International
Tables for Crystallography Volume D Physical properties of crystals Edited by A. Authier © International Union of Crystallography 2013 |
International Tables for Crystallography (2013). Vol. D, ch. 1.11, p. 275
Section 1.11.5. Non-resonant magnetic scattering^{a}A. V. Shubnikov Institute of Crystallography, Leninsky pr. 59, Moscow 119333, Russia,^{b}Steinmann Institut der Universität Bonn, Poppelsdorfer Schloss, Bonn, D-53115, Germany, and ^{c}Faculty of Physics, M. V. Lomonosov Moscow State University, Leninskie Gory, Moscow 119991, Russia |
Far from resonance (), the non-resonant parts of the scattering factor, and , described by the first two terms in (1.11.4.3) are the most important. In the classical approximation (Brunel & de Bergevin, 1981), there are four physical mechanisms (electric or magnetic, dipolar or quadrupolar) describing the interaction of an electron and its magnetic moment with an electromagnetic wave, causing the re-emission of radiation. The non-resonant magnetic term is small compared to the charge (Thomson) scattering owing (a) to small numbers of unpaired (magnetic) electrons and (b) to the factor of about 0.02 for a typical X-ray energy . This is the reason why it is so difficult to observe non-resonant magnetic scattering with conventional X-ray sources (de Bergevin & Brunel, 1972, 1981; Brunel & de Bergevin, 1981), in contrast to the nowadays normal use of synchrotron radiation.
Non-resonant magnetic scattering yields polarization properties quite different from those obtained from charge scattering. Moreover, it can be divided into two parts, which are associated with the spin and orbital moments. In contrast to the case of neutron magnetic scattering, the polarization properties of these two parts are different, as described by the tensors (Blume, 1994)where is a completely antisymmetric unit tensor (the Levi-Civita symbol).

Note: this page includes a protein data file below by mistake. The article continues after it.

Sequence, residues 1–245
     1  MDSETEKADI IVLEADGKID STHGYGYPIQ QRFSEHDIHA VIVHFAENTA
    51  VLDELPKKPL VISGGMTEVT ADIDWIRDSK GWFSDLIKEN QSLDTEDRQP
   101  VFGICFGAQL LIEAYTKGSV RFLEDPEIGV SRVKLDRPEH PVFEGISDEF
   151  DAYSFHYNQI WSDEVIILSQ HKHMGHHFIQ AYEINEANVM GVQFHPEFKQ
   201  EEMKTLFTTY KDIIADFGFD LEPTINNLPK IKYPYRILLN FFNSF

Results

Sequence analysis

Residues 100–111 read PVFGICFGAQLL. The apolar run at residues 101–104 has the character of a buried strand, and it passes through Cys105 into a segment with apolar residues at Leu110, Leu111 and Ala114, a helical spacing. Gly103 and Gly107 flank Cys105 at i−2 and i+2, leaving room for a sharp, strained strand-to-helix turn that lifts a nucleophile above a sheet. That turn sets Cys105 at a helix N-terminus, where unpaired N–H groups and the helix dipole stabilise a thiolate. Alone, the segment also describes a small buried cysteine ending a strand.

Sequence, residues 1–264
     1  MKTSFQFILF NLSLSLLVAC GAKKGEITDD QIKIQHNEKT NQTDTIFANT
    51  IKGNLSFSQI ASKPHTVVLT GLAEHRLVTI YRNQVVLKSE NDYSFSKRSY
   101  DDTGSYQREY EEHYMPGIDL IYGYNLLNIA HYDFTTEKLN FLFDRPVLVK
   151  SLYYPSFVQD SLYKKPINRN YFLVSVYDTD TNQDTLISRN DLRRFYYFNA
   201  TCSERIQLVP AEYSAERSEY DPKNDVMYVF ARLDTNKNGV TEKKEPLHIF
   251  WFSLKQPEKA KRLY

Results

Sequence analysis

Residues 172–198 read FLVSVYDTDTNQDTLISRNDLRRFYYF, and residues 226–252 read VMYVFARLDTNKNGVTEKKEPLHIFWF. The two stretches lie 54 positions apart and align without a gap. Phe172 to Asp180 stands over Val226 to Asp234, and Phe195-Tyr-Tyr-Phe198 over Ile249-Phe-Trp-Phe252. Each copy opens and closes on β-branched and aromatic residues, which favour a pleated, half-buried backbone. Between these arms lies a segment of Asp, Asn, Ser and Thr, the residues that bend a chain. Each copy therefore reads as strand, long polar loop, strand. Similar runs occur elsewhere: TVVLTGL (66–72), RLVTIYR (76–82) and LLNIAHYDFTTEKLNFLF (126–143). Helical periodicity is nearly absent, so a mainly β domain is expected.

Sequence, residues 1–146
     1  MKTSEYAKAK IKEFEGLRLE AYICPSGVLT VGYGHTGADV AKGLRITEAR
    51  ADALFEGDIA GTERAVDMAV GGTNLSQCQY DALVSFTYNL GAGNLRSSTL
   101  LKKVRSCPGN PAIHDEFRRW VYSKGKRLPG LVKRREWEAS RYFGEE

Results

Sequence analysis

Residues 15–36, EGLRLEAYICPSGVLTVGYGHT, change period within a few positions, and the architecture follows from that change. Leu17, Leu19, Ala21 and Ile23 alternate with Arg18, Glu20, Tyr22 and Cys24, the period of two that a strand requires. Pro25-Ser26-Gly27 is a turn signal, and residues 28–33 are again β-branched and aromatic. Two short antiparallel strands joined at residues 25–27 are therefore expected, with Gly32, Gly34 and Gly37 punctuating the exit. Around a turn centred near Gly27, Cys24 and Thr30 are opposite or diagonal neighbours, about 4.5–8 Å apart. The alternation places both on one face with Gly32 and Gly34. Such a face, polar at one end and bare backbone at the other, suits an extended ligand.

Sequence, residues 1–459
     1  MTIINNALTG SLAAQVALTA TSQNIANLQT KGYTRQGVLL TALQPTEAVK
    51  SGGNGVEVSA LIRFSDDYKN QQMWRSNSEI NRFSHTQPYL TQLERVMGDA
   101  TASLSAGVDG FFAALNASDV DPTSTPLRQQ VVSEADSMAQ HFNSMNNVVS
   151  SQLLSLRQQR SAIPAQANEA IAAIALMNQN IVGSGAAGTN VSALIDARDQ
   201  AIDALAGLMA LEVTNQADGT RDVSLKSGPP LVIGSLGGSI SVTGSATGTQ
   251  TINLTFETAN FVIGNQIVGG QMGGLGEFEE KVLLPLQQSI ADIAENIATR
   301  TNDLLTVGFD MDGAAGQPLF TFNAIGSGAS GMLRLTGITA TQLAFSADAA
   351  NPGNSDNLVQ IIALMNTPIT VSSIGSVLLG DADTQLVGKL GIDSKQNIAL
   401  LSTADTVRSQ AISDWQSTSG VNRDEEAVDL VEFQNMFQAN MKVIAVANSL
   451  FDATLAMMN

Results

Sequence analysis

Being convoluted with polarization vectors (Blume, 1985; Lovesey & Collins, 1996; Paolasini, 2012), the non-resonant magnetic term can be rewritten aswith vectors and given byAccording to (1.11.5.4) and (1.11.5.5), the polarization dependences of the spin and orbit contributions to the atomic scattering factor are significantly different. Consequently, the two contributions can be separated by analysing the polarization of the scattered radiation with the help of an analyser crystal (Gibbs et al., 1988). Usually the incident (synchrotron) radiation is σ-polarized, i.e. the polarization vector is perpendicular to the scattering plane. If due to the orientation of the analysing crystal only the σ-polarized part of the scattered radiation is recorded, we can see from (1.11.5.4) that the orbital contribution to the scattering atomic factor vanishes, whereas it differs from zero considering the scattering channel.
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